Ratification of the Ukraine-EU treaty is still possible, Dutch PM Rutte says
The Netherlands may still ratify the Association Agreement between the EU and Ukraine, but the Dutch government needs more time for negotiations with Ukraine and the bloc's member states.
In a letter to parliament, Dutch Prime Minister Mark Rutte said he takes up to six weeks to broker a complex "legally binding" deal that would be acceptable to the 27 other EU countries while honouring the referendum.
In an April referendum, nearly two-thirds of Dutch voters said "No" to the EU's association treaty on closer political, military and trade relations with Ukraine, thus making the Netherlands the only EU state not to have ratified the deal.
Foreign Minister Bert Koenders said that "considering national interests" the government would now aim to reach an agreement between opposition parties, other EU governments and Ukraine, by mid-December.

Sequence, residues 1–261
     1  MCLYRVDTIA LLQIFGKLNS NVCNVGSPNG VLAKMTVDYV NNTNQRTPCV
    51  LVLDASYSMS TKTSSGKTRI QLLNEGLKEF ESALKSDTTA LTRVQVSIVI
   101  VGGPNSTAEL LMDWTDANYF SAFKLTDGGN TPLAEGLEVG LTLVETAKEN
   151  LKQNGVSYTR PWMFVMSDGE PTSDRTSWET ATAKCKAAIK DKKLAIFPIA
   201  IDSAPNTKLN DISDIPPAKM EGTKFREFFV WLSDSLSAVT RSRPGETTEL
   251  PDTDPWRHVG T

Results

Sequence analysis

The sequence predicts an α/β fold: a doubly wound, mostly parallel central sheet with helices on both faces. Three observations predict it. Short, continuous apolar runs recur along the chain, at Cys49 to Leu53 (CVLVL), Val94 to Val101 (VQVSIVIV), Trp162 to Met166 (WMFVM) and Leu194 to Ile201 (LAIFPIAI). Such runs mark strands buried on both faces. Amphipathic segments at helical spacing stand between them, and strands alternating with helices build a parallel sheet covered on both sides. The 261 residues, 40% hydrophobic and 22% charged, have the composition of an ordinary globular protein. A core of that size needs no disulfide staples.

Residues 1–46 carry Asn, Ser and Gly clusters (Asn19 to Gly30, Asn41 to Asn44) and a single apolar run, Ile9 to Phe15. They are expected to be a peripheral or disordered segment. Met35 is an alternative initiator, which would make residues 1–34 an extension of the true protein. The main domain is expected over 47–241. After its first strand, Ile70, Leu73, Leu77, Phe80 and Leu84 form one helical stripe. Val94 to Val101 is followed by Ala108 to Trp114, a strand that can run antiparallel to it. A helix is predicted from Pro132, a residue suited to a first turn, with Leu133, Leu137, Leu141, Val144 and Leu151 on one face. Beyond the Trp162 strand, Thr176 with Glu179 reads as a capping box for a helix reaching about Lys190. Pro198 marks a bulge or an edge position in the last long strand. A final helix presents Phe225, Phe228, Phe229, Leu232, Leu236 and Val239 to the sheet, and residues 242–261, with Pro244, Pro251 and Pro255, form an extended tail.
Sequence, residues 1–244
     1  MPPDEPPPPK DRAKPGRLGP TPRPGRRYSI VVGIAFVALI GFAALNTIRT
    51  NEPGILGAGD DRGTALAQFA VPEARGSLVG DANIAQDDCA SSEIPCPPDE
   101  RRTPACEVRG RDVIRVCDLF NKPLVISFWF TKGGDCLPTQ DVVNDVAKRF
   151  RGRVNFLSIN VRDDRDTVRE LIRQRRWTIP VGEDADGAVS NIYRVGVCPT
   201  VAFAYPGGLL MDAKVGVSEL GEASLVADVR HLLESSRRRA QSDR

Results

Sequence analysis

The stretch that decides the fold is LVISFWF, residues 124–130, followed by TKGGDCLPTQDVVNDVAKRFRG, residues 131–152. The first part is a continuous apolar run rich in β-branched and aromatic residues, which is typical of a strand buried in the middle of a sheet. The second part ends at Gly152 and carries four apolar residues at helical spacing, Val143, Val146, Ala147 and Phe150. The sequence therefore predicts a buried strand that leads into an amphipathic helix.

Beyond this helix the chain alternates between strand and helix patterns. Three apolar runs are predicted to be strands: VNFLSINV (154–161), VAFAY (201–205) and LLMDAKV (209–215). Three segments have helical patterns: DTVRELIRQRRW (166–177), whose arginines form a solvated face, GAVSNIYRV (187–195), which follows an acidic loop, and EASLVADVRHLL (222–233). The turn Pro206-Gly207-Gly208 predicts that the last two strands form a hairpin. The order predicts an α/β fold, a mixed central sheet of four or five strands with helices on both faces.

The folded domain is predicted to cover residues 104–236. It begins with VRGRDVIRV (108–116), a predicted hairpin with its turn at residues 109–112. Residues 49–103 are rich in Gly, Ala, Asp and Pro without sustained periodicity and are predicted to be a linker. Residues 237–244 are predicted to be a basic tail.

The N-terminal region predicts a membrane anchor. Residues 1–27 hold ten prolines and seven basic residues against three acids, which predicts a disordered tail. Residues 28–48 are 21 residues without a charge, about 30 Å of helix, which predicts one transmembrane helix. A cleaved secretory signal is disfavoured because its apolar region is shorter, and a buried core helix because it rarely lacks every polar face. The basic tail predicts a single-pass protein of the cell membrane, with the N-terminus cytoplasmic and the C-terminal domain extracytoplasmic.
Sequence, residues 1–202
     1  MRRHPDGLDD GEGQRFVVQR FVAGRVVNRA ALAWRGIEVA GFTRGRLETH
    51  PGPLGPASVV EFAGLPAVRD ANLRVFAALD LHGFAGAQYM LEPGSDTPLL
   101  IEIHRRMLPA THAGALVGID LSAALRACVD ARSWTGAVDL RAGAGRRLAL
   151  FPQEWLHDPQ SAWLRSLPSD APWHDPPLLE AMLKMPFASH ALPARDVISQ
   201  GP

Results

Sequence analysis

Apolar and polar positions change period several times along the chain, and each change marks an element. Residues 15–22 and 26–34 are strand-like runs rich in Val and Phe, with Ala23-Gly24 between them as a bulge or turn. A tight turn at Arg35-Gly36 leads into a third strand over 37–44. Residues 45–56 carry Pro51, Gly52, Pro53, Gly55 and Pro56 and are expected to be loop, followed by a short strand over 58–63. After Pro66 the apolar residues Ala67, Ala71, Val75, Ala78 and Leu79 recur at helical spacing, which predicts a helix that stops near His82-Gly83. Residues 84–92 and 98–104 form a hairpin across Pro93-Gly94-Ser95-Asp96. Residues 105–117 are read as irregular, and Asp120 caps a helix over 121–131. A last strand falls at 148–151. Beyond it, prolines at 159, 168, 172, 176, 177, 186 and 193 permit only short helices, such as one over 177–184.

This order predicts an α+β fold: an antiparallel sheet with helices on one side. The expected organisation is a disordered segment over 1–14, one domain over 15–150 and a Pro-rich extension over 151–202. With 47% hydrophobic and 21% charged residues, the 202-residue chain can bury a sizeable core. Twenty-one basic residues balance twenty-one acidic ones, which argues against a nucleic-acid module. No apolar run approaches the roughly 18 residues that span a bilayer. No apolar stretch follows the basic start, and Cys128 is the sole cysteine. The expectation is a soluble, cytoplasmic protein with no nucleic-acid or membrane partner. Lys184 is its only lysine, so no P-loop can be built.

A Dutch pull-out would have serious negative geopolitical implications for the EU and the Ukraine at a time of heightened tension with Russia, Koenders stated.
Specifically, the Netherlands is seeking to adopt an additional declaration that would be signed by EU leaders and explain how the Ukraine-EU treaty is interpreted by the Netherlands.
The declaration would state that the treaty is not a stepping stone for joining the EU, it does not entail any security guarantees or give Ukrainian workers automatic access to the European labour market. Declaration should also make it clear that the Association does not oblige EU member states to provide financial or military support for Ukraine, while Kyiv has to make more efforts to combat corruption.
Rutte specified that this is only about an additional declaration to address concern of those who voted to reject the treaty, while no changes will be introduced to the text of Ukraine-EU Association Agreement.
EU Commission President Jean-Claude Juncker said he was ready to work with Dutch Prime Minister Rutte to find a solution before the December 15-16 EU summit.
On Friday Rutte made a dramatic appeal to opposition parties for their support. If the Netherlands fails to ratify the treaty, it could have serious implications for the stability of Europe, the prime minister said.